Bellevue Baptist Church

Three huge white crosses facing Interstate I-40, east of downtown Memphis, mark the campus of Bellevue Baptist Church. With the center cross standing 150 feet high, flanked on either side by crosses measuring 120 feet tall, the “Millennium Crosses” exemplify the need for large-scale visuals to compensate for the high-speed vehicular traffic generated by America’s automobile culture. Bellevue’s large-scale mega-church architecture complements the crosses’ dimensions and demonstrates the reality of high-density suburbanization in eastern Shelby County. The massive crosses are fitting for a church that has established itself as one of Memphis’s premier community institutions.

Bellevue is a flagship church of the Southern Baptist Convention (SBC). With approximately 30,000 members, it is nationally recognized as one of the United States’ largest congregations. Founded in 1903 as a mission of Central Baptist Church, Bellevue was originally located in Midtown Memphis at the corner of Bellevue and Erskine Streets (presently Court Avenue) where Dr. H. P. Hunt served as the church’s first pastor. In 1910, Bellevue constructed its first Sunday School building and began conducting its Sunday evening services on the rooftop, which led to a dramatic increase in church membership. The congregation grew to 800 members before Dr. Hunt resigned in 1914, citing ill health. Over the next thirteen years, two pastors, Dr. R. M. Inlow and Dr. W. M. Bostick, served the church, which grew to 1,000 members.

Robert G. Lee, president of the Southern Baptist Convention from 1949 to 1951, served as pastor of Bellevue from 1927 to 1960. Lee’s charisma and leadership provided Bellevue with new audiences for its ministries. In 1950, the 8,000-member Bellevue was named one of The Christian Century’s twelve “Great Churches of America,” marking the church’s national significance. The church began broadcasting its services over the radio in 1929; built a 3,000-seat sanctuary in 1952; and constructed a new education building in 1958, the same year the church began airing its services on television. Bellevue’s television broadcasts have since expanded into an international ministry.

Over the next decades, Bellevue continued to provide national SBC leadership. Ramsey Pollard led the congregation from 1960 to 1972, serving as the president of the SBC from 1960 to 1961. In 1967, Bellevue increased its emphasis on recreational and athletic ministries by constructing an activities building and organizing team sports. These new recreational opportunities operated as a form of evangelistic outreach while simultaneously creating a heightened or even insular sense of community amongst the congregation, extending the church’s influence and role in its members lives even further.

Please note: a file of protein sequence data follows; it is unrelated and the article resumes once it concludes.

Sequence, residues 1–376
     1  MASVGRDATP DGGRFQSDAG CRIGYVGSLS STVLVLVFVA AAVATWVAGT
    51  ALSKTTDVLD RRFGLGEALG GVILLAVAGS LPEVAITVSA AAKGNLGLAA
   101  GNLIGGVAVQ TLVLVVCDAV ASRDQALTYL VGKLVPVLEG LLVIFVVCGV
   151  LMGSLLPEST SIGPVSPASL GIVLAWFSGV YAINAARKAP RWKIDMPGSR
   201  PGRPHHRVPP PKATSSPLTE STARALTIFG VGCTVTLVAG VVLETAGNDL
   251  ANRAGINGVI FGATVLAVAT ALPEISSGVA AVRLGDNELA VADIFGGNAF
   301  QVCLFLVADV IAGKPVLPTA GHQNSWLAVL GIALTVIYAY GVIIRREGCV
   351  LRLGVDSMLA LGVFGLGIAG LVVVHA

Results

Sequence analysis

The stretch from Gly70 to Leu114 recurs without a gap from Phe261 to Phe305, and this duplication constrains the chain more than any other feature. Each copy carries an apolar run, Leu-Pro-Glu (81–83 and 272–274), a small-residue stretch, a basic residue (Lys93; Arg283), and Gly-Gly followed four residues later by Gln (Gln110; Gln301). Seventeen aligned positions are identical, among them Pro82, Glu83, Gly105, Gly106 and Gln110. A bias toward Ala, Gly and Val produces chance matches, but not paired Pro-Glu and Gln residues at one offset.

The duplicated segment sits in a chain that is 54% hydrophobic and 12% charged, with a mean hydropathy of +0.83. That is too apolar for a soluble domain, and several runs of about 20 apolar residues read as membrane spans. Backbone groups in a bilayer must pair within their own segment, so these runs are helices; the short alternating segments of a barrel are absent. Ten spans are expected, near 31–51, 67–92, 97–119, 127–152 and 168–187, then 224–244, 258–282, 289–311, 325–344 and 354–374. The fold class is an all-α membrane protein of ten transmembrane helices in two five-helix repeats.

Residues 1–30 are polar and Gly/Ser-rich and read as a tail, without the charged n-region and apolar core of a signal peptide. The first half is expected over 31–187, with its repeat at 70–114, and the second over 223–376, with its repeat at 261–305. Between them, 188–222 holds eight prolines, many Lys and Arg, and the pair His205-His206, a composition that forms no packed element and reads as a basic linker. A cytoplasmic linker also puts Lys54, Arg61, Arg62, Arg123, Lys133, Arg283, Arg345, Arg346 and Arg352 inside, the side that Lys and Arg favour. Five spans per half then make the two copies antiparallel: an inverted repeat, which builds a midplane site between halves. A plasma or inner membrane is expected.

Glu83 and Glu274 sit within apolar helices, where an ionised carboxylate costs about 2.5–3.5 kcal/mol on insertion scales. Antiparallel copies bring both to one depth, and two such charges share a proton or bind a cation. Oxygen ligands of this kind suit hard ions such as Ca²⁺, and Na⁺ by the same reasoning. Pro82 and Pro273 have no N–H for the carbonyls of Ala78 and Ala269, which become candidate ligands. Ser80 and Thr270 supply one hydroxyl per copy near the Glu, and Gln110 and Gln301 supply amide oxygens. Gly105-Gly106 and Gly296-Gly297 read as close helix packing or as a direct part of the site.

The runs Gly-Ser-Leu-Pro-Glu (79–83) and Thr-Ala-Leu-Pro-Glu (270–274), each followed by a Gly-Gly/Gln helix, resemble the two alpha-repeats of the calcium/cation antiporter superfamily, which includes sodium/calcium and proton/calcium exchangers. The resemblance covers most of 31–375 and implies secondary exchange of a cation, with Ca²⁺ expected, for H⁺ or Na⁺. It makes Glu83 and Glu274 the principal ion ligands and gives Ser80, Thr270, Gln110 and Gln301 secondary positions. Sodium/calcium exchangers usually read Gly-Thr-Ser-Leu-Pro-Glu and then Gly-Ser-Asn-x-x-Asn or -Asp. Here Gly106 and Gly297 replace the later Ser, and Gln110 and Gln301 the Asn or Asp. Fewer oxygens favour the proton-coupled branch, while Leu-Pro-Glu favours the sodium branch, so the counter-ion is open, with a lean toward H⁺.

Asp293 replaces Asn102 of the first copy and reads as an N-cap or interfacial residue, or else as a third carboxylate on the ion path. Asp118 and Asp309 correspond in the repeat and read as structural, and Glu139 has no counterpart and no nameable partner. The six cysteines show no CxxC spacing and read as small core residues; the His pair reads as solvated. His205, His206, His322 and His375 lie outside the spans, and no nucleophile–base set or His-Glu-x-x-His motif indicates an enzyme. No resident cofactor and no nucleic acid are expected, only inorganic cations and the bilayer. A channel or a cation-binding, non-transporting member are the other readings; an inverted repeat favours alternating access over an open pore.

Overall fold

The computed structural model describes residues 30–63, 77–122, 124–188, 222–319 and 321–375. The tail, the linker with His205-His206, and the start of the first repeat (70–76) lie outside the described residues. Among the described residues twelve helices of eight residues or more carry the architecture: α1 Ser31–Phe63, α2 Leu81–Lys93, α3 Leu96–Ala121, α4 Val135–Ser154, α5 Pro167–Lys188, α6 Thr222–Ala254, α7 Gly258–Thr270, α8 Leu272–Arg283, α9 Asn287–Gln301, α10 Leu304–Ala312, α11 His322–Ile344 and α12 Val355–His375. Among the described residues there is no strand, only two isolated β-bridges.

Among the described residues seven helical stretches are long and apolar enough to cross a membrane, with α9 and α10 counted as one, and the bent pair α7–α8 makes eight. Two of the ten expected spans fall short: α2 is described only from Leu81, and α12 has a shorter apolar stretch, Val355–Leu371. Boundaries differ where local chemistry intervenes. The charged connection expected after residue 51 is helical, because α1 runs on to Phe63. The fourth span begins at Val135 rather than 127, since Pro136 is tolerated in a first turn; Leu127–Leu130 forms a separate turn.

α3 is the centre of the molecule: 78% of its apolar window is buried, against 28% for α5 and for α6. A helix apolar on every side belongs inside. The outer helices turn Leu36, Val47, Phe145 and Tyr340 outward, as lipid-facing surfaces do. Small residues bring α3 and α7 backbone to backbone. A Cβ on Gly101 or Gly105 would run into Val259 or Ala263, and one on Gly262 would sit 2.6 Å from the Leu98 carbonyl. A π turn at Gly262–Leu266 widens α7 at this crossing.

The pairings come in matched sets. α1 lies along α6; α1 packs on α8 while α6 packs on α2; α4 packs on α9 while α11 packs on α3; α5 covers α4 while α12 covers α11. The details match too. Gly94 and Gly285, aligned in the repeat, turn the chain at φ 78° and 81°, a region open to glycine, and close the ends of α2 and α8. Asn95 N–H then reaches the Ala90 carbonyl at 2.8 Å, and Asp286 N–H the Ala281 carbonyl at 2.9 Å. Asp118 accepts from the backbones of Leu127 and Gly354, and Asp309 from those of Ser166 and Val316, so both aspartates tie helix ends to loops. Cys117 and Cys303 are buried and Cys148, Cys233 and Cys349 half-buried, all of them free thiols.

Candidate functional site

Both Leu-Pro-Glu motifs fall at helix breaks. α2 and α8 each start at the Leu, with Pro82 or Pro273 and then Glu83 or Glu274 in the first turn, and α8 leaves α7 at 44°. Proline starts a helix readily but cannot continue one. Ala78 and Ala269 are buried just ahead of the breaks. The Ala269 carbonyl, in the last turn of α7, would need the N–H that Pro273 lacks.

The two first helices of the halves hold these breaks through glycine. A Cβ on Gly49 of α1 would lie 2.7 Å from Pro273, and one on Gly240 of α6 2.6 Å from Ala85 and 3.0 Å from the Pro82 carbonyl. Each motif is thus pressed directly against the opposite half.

When Adrian Rogers stepped into the role of pastor in 1972, he ushered in a period of growth that was unprecedented not only for Bellevue but for churches nationally. From 1972 to 2005, Bellevue grew from 9,000 to 29,000 members. Bellevue relocated from Midtown Memphis to suburban Cordova in 1989. Its move to an eighty- million-dollar suburban campus led some people to criticize its contribution to “white flight” from downtown Memphis. The campus is undeniably large, comprising athletic fields, a sprawling landscape, the campus of Mid-America Baptist Theological Seminary, and a housing complex built for elderly church members surround the massive church building, which alone includes 702,000 square feet of space.

Bellevue’s history involves much more than simply numerical growth. It has also created an intellectual legacy of national significance. During Robert G. Lee’s tenure at both Bellevue and within the SBC, Lee established a tradition of conservatism by bolstering Southern Baptists’ emphatic belief in biblical inerrancy, opposition to alcohol, and resistance to the ordination of women, among other issues.

Adrian Rogers reinforced Bellevue’s national role when he was elected SBC president in 1979 and led the denomination’s “Conservative Resurgence,” which effectively disenfranchised moderate Baptists within the group. Since that time, conservatives have increasingly solidified their control of the denomination. Rogers was re-elected to the presidency in 1986 and 1987. Rogers’s efforts also gave Bellevue an important role as the religious right emerged as a powerful political force. For example, the church sponsors voter registration drives and its annual “Star-Spangled Celebration” on the Fourth of July mixes patriotism and religious fervor. In 2004, after the death of Ronald Reagan, Pastor Rogers substituted Bellevue’s usual Sunday evening worship with a tribute to the former president. Rogers retired in 2005, leaving a theological, political, and cultural legacy with widespread implications at the local and national level.

Dr. Steve Gaines became Bellevue’s next pastor. With international television and radio broadcasts, the church’s cultural influence continues. As David Waters explained in the Memphis Commercial Appeal of May 3, 2003, “For most members, Bellevue isn’t just their church. It’s their warm, safe and friendly neighborhood.”



 

 

Suggested Reading

“Great Churches of America, IV, Bellevue Baptist, Memphis,” Christian Century (April 19, 1950): 490-96;

By His Grace and for His Glory: Celebrating a Century with Bellevue Baptist Church (2003).

Published » December 30, 2009